In its latest international newsletter PROVEA argues that the use of the term “paramilitary” amounts to a discursive justification of the OLP that “amplifies a vision of an internal and external enemy which is characteristic of national security doctrines.”

An additional concern is that by insisting that the “paramilitary threat” comes from neighboring Colombia the government is stoking xenophobic feelings against Colombia residents in Venezuela. 

This past week Maduro announced he is preparing a “special plan” to stop what he called the “exodus” of Colombians into Venezuela, which he claimed via twitter (@PresidencialVen) is “only comparable to the exodus of Africans into Europe.” The President also said that “most of the Colombians that migrate to Venezuela arrive without education, without money to subsists, running away from misery and looking for the protection and free social security we offer here.”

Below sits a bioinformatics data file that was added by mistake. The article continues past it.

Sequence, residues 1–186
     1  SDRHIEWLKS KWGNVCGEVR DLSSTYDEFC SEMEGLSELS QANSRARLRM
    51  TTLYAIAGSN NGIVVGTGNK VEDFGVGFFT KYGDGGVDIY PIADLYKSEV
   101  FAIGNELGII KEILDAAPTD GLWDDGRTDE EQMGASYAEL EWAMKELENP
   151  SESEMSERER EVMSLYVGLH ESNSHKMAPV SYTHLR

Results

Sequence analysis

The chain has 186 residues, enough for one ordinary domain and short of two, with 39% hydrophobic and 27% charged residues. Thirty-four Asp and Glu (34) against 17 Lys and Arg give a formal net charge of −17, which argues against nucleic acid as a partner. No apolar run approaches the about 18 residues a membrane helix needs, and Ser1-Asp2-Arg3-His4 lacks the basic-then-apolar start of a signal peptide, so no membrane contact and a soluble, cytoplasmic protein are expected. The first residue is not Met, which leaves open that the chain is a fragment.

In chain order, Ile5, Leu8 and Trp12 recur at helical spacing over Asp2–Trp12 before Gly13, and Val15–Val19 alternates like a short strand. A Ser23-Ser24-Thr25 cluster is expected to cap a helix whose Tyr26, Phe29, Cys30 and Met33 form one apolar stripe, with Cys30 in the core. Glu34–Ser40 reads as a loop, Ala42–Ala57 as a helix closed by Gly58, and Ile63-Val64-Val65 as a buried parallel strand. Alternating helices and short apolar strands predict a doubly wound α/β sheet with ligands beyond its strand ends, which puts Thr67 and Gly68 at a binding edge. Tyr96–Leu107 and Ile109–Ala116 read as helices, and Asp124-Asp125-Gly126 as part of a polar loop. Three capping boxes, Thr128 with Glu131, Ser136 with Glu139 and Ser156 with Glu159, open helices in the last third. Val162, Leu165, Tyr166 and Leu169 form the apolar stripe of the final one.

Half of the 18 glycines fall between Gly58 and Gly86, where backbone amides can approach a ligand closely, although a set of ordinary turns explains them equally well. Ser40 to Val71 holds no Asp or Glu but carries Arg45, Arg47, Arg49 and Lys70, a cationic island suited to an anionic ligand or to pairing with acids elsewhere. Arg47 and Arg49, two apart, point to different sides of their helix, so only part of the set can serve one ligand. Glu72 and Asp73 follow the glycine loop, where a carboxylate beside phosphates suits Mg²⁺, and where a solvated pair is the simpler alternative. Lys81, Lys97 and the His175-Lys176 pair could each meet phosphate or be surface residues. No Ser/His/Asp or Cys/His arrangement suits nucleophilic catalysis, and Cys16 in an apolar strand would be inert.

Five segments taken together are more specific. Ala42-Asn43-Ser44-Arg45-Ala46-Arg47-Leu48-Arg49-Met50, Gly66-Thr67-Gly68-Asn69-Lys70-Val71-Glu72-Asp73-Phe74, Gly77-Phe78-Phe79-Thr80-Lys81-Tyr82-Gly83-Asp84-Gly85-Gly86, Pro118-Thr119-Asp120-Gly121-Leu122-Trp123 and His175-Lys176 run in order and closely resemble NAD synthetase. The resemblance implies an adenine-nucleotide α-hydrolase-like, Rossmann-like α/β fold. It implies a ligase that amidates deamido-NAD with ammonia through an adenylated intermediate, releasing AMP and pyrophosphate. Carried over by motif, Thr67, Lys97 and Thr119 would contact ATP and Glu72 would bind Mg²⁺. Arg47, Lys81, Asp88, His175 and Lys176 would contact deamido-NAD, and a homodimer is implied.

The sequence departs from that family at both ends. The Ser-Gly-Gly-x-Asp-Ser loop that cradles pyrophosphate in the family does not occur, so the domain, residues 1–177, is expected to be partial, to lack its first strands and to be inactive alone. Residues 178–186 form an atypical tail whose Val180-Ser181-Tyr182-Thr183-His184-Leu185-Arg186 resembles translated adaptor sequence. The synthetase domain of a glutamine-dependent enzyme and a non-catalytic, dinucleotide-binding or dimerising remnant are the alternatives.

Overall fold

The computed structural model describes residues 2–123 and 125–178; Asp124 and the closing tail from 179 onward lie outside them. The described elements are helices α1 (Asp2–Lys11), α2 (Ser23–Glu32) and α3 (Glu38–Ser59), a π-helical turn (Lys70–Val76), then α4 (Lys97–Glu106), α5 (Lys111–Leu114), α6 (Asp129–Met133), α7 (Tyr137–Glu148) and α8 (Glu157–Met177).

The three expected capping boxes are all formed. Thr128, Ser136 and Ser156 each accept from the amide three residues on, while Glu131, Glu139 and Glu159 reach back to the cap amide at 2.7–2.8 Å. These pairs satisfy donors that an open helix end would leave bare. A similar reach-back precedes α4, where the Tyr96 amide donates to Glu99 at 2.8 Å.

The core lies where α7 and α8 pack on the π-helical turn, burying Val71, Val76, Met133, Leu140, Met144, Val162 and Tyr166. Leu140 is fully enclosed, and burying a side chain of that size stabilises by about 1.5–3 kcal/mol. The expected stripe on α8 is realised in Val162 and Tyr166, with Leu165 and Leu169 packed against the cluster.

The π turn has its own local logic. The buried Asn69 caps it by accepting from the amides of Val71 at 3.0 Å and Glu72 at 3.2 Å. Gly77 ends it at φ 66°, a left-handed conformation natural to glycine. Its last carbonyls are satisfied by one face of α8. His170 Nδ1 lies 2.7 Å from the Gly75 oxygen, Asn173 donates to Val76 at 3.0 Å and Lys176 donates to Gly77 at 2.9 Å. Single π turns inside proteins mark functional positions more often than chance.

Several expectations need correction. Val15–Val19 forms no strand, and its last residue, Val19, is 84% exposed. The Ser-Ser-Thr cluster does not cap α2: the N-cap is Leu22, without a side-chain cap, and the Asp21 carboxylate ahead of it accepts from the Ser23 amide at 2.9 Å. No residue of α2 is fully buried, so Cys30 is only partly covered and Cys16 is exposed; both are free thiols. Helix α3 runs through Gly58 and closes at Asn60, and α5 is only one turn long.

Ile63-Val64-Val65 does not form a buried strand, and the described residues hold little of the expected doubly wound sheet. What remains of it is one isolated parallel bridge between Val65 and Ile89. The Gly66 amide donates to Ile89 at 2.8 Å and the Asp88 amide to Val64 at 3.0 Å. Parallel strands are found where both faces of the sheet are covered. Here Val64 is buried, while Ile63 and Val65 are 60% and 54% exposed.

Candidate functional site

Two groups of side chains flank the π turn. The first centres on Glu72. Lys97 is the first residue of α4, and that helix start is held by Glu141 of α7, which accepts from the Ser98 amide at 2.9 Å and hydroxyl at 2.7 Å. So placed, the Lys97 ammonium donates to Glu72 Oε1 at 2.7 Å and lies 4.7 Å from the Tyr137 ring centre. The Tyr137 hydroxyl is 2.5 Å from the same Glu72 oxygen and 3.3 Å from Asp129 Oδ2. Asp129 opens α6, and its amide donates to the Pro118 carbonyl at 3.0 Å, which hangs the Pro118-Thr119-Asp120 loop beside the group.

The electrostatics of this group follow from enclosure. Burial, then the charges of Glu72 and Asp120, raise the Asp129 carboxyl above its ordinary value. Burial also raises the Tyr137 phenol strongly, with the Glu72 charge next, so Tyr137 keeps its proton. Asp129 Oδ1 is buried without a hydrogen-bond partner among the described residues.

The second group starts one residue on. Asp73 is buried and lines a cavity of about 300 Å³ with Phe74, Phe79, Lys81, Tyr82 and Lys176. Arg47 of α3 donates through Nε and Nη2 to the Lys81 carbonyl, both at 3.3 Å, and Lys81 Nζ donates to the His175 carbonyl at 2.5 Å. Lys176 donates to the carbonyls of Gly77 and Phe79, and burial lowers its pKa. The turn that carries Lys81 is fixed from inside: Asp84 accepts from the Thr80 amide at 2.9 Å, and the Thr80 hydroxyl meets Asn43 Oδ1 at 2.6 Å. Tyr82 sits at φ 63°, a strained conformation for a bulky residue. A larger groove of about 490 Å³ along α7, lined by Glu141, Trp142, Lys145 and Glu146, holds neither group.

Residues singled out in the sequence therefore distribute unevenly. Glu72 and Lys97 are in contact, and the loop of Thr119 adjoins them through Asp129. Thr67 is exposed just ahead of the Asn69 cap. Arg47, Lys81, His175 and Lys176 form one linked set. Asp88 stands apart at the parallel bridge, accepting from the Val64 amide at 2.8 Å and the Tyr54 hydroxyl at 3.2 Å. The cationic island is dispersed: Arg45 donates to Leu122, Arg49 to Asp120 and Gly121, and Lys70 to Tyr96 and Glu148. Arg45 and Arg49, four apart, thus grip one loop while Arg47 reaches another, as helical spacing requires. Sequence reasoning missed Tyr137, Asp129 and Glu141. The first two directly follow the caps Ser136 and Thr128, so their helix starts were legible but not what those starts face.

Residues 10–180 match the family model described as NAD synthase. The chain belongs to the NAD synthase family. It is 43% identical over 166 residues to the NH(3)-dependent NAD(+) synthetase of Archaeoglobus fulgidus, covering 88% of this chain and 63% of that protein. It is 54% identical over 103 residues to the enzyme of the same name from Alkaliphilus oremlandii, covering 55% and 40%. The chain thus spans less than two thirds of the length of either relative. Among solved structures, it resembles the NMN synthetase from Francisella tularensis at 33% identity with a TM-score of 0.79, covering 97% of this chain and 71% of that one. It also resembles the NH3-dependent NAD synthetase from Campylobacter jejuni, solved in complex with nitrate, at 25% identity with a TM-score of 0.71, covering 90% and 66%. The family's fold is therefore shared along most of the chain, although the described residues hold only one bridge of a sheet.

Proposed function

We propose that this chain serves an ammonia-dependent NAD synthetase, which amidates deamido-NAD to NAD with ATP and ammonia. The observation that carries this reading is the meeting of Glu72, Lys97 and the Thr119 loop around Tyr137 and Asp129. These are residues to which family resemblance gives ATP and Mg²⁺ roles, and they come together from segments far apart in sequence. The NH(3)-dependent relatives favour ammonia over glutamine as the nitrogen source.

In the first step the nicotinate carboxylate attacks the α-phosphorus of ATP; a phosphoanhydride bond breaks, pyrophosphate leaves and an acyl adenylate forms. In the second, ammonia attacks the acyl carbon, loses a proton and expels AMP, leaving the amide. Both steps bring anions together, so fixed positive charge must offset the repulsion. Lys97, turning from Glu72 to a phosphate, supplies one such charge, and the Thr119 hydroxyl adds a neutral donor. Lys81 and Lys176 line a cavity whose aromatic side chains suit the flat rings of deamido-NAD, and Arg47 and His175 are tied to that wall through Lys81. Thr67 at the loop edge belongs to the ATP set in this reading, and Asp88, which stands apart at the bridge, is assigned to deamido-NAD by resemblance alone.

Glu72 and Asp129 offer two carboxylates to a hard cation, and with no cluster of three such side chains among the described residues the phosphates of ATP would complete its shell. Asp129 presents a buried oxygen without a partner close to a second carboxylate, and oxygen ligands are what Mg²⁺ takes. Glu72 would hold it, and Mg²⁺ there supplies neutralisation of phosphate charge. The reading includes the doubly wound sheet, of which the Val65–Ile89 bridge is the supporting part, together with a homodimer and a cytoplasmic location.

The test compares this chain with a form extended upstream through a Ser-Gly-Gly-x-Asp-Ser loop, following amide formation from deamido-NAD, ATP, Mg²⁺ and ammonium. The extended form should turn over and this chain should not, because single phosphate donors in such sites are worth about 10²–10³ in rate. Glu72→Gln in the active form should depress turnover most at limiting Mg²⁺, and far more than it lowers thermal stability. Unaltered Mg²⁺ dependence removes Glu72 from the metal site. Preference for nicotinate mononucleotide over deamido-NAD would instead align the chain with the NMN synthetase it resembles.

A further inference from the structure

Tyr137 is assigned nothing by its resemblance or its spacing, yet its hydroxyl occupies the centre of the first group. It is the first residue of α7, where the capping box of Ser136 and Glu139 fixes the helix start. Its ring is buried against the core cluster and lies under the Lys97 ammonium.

PROVEA has accused Maduro of leading a “dangerous xenophobic campaign.” According to the government 185 Colombians have been deported during the OLP in Táchira in the last two days. The PSUV governor of Táchira, José Vielma Mora, said that 791 Colombian citizens that “were illegally in Venezuelan territory [have been] handed over to the Colombian authorities.”

Opposition leaders have denied the government’s accusations that they have ties with paramilitary groups and that they are “importing” them to destabilize the government. The MUD claims that the measures are a rehearsal for the possible suspension of the December legislative elections. Constitutional expert José Ignacio Henández says however that electoral processes cannot be suspended under a “state of exception” decree.

The President of the National Assembly and PSUV leader Diosdado Cabello responded the MUD’s press release stating that the organization’s critique of the decree is evidence that they “are backing smuggling, bachaquerismo, drug trafficking, and the proven paramilitary [participation] in the case of the murder of Lilian Hergueta.”